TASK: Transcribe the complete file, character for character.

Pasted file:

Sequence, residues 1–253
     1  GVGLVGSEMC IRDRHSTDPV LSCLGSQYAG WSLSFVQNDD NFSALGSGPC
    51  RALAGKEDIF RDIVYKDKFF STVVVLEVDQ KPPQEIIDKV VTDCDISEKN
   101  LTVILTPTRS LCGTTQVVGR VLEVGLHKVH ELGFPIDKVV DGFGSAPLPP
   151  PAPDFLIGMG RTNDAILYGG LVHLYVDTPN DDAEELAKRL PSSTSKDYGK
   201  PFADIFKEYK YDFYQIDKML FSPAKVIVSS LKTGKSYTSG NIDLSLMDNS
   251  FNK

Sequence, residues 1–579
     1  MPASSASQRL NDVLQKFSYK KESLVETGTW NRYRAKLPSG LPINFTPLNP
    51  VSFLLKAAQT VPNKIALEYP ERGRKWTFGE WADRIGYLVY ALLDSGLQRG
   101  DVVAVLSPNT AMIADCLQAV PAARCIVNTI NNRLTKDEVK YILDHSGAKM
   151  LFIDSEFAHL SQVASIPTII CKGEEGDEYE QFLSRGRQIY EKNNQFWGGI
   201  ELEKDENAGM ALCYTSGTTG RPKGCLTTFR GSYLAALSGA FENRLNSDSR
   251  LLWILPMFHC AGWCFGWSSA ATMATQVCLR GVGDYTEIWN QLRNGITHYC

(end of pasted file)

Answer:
Sequence, residues 1–253
     1  GVGLVGSEMC IRDRHSTDPV LSCLGSQYAG WSLSFVQNDD NFSALGSGPC
    51  RALAGKEDIF RDIVYKDKFF STVVVLEVDQ KPPQEIIDKV VTDCDISEKN
   101  LTVILTPTRS LCGTTQVVGR VLEVGLHKVH ELGFPIDKVV DGFGSAPLPP
   151  PAPDFLIGMG RTNDAILYGG LVHLYVDTPN DDAEELAKRL PSSTSKDYGK
   201  PFADIFKEYK YDFYQIDKML FSPAKVIVSS LKTGKSYTSG NIDLSLMDNS
   251  FNK

Sequence, residues 1–579
     1  MPASSASQRL NDVLQKFSYK KESLVETGTW NRYRAKLPSG LPINFTPLNP
    51  VSFLLKAAQT VPNKIALEYP ERGRKWTFGE WADRIGYLVY ALLDSGLQRG
   101  DVVAVLSPNT AMIADCLQAV PAARCIVNTI NNRLTKDEVK YILDHSGAKM
   151  LFIDSEFAHL SQVASIPTII CKGEEGDEYE QFLSRGRQIY EKNNQFWGGI
   201  ELEKDENAGM ALCYTSGTTG RPKGCLTTFR GSYLAALSGA FENRLNSDSR
   251  LLWILPMFHC AGWCFGWSSA ATMATQVCLR GVGDYTEIWN QLRNGITHYC